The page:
Meda: a Tale of the Future/Part XIII

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AFTER the Recorder's hurried explanation of what had taken place since my day, I could now realize the cause of many things that were a continual puzzle to me during my first lifetime. I had read many books in days long past trying to explain the causes of the disappearance of ice in various parts of the world. I had read that there were in prehistoric days what were termed by philosophers the ice ages, and the boulder age. Now none of the arguments that were put forward in these books were to my mind satisfactory. We were told that at one time Great Britain, and in fact the north of Europe, must have been covered with great fields of ice, and we were told that, in the Arctic Regions, there were evidences discovered of the existence at some pre-historic date of tropical forests and vegetation. Now, how had this ice disappeared, and how had this tropical vegetation existed in a place that is now covered with perpetual snow?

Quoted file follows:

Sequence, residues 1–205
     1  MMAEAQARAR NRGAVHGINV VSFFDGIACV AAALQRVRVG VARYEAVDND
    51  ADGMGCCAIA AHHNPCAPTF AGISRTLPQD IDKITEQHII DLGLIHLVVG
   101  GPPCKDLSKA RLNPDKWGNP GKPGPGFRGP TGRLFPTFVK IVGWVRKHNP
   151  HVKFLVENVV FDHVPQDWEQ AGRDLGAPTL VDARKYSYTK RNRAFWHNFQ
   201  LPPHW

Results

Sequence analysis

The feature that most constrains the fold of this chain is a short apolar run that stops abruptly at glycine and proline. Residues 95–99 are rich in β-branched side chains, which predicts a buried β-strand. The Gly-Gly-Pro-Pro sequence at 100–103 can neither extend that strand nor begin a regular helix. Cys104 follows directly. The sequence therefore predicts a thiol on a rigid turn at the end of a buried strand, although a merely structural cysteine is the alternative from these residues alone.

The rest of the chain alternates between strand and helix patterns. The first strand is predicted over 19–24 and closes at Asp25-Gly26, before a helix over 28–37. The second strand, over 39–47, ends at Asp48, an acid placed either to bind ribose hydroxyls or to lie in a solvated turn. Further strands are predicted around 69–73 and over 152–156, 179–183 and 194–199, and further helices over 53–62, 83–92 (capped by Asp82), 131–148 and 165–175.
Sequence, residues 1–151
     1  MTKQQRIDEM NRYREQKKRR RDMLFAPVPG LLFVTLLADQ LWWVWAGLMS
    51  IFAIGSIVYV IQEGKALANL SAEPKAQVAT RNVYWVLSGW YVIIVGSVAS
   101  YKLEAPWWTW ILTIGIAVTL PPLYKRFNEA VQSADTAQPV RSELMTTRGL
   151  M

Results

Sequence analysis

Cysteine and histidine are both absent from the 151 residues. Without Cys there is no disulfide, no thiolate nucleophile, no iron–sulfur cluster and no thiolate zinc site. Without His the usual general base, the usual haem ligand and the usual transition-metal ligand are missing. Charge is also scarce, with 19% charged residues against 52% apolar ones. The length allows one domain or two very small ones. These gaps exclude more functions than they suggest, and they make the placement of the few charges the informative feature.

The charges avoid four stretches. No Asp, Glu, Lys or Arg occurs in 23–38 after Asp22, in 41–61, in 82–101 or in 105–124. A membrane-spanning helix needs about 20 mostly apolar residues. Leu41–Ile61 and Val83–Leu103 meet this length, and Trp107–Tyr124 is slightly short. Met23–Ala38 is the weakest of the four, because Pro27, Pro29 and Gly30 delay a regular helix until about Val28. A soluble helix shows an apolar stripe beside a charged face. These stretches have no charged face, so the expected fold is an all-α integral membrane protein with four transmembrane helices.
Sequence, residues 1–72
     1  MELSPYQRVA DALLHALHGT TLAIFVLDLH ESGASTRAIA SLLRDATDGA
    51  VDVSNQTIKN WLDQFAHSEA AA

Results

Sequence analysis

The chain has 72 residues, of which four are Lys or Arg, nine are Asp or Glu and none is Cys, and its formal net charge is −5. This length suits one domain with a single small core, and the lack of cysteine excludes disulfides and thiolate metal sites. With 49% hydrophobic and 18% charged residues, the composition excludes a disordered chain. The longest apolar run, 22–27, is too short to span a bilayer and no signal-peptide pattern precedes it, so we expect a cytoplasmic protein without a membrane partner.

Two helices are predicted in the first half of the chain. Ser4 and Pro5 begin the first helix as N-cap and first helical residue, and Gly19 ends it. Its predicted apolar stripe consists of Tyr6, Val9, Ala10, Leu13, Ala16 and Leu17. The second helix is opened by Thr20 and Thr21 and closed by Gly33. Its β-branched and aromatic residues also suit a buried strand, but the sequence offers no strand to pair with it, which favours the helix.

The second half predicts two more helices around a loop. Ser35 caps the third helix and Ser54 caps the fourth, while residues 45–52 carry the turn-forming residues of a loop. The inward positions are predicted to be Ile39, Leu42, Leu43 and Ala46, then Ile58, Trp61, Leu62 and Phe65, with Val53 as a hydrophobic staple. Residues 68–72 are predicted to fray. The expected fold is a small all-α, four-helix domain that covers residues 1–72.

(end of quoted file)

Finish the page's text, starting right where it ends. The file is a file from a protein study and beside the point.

The Recorder's revelations about the effect of the comet "Baria" on the earth, to my mind explains the whole question. At some period, before the creation of man, probably this same comet had come close to this planet, and so influenced it by attraction as to cause it to shift its axis in the same way as the Recorder described as having taken place in later days. Then the ice that covered the land would gradually melt and slide down the sides of the hills and valleys, forming the serrated ice cuts that we saw traces of all over the country in my day. Possibly at one time Great Britain was the North Pole, and possibly the present North Pole was at some still earlier date in the tropics. This would surely be a natural way to account for the marks of ice in Britain, and for tropical vegetation in the Arctic Regions.

Possibly, after a lapse of tens of thousands of years, that comet will return after travelling in interminable space and attract the earth still further round, and so the shifting scene will go on for ages and ages as endless as the space the comet has retired into.